string.  These functions  are  identical  to  strchr()  (strchr())  and
       merely have different names.

       strpbrk() returns a pointer to the first occurrence in string s1 of any
       character from string s2, or a NULL pointer if  no  character  from  s2
       exists in s1.

       strspn()  (strcspn())  returns  the  length  of  the initial segment of
       string s1 which consists entirely of characters from (not from)  string
       s2.

       strstr()  returns  a  pointer  to  the  first occurrence of the pattern
       string s2 in s1.  For example, if s1 is "string thing" and s2 is "ing",
       strstr()  returns  "ing  thing".   If s2 does not occur in s1, strstr()
       returns NULL.

       strtok() considers the string s1 to consist of a sequence  of  zero  or
       more  text tokens separated by spans of one or more characters from the
       separator string s2.   The  first  call  (with  pointer  s1  specified)
       returns  a  pointer to the first character of the first token, and will
       have written  a  null  character  into  s1  immediately  following  the
       returned  token. The function keeps track of its position in the string
       between separate calls, so that subsequent calls (which  must  be  made
       with the first argument a NULL pointer) will work through the string s1
       immediately following that token.  In this way  subsequent  calls  will
       work  through  the  string  s1  until  no tokens remain.  The separator
       string s2 may be different from call to call.  When no token remains in
       s1, a NULL pointer is returned.

NOTES
       For  user  convenience,  all  these  functions,  except for index() and
       rindex(), are declared in the optional  <&lt;string.h>&gt;  header  file.   All
       these functions, including index() and rindex() but excluding strchr(),
       strrchr(), strpbrk(), strspn(), strcspn(), and strtok() are declared in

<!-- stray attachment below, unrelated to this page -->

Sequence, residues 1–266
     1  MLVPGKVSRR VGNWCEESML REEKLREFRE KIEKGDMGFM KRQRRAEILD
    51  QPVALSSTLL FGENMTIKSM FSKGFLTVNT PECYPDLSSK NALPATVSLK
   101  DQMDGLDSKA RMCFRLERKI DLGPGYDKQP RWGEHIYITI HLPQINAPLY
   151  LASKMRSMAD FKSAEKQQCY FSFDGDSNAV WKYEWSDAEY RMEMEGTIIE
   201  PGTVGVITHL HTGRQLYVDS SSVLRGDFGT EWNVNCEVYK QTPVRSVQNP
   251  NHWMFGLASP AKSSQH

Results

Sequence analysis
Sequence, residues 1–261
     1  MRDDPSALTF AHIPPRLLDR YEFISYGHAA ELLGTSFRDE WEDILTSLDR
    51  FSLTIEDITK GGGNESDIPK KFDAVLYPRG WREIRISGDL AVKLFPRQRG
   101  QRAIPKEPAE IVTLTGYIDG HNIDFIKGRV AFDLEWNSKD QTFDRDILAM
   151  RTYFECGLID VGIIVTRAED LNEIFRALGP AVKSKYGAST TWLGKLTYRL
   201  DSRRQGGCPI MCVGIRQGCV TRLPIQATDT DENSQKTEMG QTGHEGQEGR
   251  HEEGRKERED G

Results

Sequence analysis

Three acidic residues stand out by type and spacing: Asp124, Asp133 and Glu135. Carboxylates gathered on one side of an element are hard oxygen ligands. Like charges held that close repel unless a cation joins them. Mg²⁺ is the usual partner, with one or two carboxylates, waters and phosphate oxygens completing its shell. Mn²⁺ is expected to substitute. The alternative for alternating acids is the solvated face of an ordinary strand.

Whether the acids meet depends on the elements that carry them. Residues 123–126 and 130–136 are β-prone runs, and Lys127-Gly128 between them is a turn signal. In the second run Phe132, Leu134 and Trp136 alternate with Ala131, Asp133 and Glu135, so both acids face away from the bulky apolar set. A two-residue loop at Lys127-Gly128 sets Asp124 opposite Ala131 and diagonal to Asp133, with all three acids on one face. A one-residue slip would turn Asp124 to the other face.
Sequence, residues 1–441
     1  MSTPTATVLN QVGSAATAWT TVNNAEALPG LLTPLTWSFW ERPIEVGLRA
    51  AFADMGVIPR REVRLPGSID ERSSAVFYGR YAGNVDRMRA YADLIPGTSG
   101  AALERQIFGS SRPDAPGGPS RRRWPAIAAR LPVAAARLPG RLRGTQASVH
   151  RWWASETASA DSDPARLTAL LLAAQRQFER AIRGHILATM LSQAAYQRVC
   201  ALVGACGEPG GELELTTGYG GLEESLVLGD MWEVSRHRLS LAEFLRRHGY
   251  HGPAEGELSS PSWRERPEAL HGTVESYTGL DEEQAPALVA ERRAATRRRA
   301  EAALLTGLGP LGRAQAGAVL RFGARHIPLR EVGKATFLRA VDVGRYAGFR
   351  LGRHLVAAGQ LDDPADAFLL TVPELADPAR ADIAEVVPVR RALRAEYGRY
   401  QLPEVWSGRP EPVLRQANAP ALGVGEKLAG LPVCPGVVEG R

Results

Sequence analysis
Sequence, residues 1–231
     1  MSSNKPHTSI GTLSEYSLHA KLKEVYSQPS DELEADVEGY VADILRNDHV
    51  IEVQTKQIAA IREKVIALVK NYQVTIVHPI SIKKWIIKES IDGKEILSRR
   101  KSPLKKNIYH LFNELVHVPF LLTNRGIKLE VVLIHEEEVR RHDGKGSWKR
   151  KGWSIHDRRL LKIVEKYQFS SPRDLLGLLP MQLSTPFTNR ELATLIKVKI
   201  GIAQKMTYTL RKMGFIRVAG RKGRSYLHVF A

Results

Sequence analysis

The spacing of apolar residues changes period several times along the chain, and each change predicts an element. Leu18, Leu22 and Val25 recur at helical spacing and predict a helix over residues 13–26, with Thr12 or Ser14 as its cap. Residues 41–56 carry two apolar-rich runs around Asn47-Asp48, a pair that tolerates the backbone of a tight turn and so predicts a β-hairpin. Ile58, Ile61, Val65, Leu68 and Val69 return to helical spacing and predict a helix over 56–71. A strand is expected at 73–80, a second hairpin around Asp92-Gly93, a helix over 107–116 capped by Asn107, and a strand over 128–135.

the  optional  <&lt;strings.h>&gt; include file; these headers are set this way
       for backward compatibility.

SEE ALSO
       malloc(3V), bstring(3)

WARNINGS
       strcmp() and strncmp() use native character comparison, which is signed
       on  the  Sun,  but may be unsigned on other machines.  Thus the sign of
       the value returned when one of the characters has  its  high-order  bit
       set is implementation-dependent.

       strcasecmp() and strncasecmp() use native character comparison as above
       and assume the ASCII character set.

       On the Sun processor, as well as on many other machines,  you  can  not
       use  a  NULL  pointer  to indicate a null string.  A NULL pointer is an
       error and results in an abort of the program.  If you wish to  indicate
       a  null string, you must have a pointer that points to an explicit null
       string.  On some implementations of the C language on some machines,  a
       NULL  pointer,  if dereferenced, would yield a null string; this highly
       non-portable trick was used in some programs.  Programmers using a NULL
       pointer  to represent an empty string should be aware of this portabil-
       ity issue; even on machines where dereferencing a NULL pointer does not
       cause  an  abort  of  the program, it does not necessarily yield a null
       string.

       Character movement is performed differently  in  different  implementa-
       tions.  Thus overlapping moves may yield surprises.



                                6 October 1987                       STRING(3)